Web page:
One of the controversial decisions of the Trump administration was to expand and develop the National Petroleum Reserve in Alaska (NRP-A). While the decision was prioritizing the natural resources extraction process, it was thought to be a death sentence for the arctic wildlife.
Even after pushing so hard for the Alaskan oil drilling projects, the actual production fell to a 43-year low in 2020. This was mainly due to the fact that drillers were more interested in Texas projects.
In short, the policy was serving no purpose and only degrading the quality of life of the Alaskan wildlife.
A reversal of this harmful policy was bound to happen.
Last Monday (January 10), the U.S. Department of the Interior announced that the governing body will scrap the policy. Plus, an official notice of the change was filed on Monday in the Alaskan federal court, the Bureau of Land Management.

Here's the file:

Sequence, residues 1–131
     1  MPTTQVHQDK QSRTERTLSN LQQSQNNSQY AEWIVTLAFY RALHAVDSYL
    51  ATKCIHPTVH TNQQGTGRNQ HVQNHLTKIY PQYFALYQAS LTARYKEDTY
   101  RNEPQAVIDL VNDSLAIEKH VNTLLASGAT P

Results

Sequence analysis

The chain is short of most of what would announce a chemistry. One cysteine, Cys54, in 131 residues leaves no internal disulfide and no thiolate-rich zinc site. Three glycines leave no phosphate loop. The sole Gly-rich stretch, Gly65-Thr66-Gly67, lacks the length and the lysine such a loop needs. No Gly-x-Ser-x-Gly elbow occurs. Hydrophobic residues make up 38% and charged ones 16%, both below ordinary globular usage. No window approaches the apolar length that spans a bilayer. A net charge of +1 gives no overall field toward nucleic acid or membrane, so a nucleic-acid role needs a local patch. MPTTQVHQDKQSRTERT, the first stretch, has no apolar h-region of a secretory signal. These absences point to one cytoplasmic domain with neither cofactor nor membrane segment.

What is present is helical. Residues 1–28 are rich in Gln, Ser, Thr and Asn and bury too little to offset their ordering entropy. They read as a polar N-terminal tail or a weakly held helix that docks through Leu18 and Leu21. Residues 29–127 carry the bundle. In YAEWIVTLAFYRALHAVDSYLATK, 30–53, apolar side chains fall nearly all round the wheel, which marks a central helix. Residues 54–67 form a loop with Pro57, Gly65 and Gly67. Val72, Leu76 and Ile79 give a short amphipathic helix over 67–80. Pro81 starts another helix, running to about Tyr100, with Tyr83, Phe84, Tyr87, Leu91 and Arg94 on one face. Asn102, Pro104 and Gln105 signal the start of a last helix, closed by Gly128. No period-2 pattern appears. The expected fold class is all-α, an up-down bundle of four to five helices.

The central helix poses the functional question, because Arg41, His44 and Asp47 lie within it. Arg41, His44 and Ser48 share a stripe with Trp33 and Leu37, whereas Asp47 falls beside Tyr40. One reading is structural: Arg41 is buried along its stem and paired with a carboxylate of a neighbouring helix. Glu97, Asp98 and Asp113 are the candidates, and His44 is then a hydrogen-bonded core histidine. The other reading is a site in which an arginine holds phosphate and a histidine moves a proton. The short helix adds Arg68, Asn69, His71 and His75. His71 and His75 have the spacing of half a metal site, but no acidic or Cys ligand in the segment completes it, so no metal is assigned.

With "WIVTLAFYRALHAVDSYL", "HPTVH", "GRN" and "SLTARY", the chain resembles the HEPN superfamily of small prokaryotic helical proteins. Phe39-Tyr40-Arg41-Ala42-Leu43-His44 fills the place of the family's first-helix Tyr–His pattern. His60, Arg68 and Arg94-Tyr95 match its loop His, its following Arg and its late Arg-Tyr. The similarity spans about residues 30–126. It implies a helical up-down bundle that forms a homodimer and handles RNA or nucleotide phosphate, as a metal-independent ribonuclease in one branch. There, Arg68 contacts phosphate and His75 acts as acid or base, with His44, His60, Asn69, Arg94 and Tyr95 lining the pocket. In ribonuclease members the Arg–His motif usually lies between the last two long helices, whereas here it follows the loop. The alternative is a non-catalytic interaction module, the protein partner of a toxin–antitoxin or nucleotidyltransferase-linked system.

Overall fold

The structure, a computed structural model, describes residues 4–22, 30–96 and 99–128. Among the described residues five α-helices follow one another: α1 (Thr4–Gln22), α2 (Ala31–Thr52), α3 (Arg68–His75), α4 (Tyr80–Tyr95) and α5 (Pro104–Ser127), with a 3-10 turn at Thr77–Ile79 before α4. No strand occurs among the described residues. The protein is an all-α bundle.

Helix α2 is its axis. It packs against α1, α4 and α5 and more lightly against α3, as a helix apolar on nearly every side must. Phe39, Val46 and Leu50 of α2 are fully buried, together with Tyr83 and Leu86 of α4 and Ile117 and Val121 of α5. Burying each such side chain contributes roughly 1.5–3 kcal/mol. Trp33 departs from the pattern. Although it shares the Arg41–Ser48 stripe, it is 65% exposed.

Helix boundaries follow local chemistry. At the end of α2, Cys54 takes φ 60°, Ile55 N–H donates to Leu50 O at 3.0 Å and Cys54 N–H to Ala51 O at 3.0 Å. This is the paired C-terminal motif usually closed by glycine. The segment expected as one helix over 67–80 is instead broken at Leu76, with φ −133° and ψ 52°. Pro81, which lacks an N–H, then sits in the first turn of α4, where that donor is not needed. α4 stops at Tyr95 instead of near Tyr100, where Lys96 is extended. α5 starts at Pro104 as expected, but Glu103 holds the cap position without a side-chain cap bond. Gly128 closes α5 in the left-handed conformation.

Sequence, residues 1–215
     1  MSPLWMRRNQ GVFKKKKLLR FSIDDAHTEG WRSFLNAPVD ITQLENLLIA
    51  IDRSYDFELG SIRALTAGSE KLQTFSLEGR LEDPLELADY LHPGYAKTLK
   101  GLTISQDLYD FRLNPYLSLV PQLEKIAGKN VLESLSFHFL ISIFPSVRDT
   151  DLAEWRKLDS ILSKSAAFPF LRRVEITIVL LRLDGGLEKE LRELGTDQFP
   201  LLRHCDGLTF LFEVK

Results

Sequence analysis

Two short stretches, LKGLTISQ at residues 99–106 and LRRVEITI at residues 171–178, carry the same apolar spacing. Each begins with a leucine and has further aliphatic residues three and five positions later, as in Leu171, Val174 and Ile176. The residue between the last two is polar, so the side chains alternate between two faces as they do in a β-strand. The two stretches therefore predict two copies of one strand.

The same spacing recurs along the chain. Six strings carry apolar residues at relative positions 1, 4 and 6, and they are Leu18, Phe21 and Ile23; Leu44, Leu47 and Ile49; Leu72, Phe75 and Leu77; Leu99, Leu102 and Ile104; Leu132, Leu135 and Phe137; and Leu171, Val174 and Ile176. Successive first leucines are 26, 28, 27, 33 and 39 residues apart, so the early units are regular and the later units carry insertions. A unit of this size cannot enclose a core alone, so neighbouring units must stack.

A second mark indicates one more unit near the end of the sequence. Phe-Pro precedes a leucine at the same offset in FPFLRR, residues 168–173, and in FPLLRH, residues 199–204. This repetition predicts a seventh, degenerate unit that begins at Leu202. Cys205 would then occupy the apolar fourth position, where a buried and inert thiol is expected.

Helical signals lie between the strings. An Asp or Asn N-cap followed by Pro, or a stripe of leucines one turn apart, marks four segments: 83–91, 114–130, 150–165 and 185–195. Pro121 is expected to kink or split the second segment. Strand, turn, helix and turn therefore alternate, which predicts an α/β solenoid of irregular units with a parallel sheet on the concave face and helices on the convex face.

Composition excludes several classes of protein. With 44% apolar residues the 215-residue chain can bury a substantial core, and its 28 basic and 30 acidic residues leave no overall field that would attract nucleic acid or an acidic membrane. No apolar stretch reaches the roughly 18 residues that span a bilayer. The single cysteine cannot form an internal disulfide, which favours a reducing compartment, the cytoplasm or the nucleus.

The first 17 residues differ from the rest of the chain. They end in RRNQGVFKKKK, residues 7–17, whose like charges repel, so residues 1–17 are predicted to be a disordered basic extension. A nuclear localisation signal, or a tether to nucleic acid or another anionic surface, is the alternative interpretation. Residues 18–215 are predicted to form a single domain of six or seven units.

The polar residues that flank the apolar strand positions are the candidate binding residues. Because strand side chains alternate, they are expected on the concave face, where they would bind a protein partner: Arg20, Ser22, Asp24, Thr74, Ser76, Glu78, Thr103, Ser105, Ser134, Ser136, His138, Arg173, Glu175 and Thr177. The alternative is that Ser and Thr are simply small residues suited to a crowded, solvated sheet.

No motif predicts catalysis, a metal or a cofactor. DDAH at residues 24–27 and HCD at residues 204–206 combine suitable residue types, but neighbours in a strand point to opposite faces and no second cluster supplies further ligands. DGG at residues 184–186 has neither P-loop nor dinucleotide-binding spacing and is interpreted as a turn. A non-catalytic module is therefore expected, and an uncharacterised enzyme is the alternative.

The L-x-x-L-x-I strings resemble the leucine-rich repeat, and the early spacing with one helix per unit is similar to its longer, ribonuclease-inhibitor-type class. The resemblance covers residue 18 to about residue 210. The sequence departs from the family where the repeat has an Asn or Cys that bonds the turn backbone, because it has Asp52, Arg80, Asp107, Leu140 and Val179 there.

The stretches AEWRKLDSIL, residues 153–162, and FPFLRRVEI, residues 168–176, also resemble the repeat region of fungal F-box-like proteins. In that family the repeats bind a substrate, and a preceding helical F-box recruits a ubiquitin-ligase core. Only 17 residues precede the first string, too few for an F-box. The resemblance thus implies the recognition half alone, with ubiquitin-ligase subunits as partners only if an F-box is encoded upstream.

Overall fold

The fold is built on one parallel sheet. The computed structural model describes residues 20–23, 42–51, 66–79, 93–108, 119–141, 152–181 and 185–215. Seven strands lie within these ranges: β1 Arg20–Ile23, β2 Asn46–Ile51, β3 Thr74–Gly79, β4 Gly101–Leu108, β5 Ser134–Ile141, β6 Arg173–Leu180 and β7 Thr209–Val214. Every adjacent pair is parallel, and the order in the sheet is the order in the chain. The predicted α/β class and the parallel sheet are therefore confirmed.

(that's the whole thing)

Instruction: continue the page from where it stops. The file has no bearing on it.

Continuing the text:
"This decision reflects the Biden-Harris administration's priority of reviewing existing oil and gas programs to ensure balance on America's public lands and waters to benefit current and future generations.”
The U.S. Department Of The Interior In An Official Statement
Initially, The Obama administration issued a plan to protect at least 50% of the Alaskan reserve. Trump administration reversed this policy allowing oil leasing and other development infrastructure in 80% of the reserve.
This plan posed an imminent threat to the wildlife living the Teshekpuk Lake, the largest lake on the North Slope.
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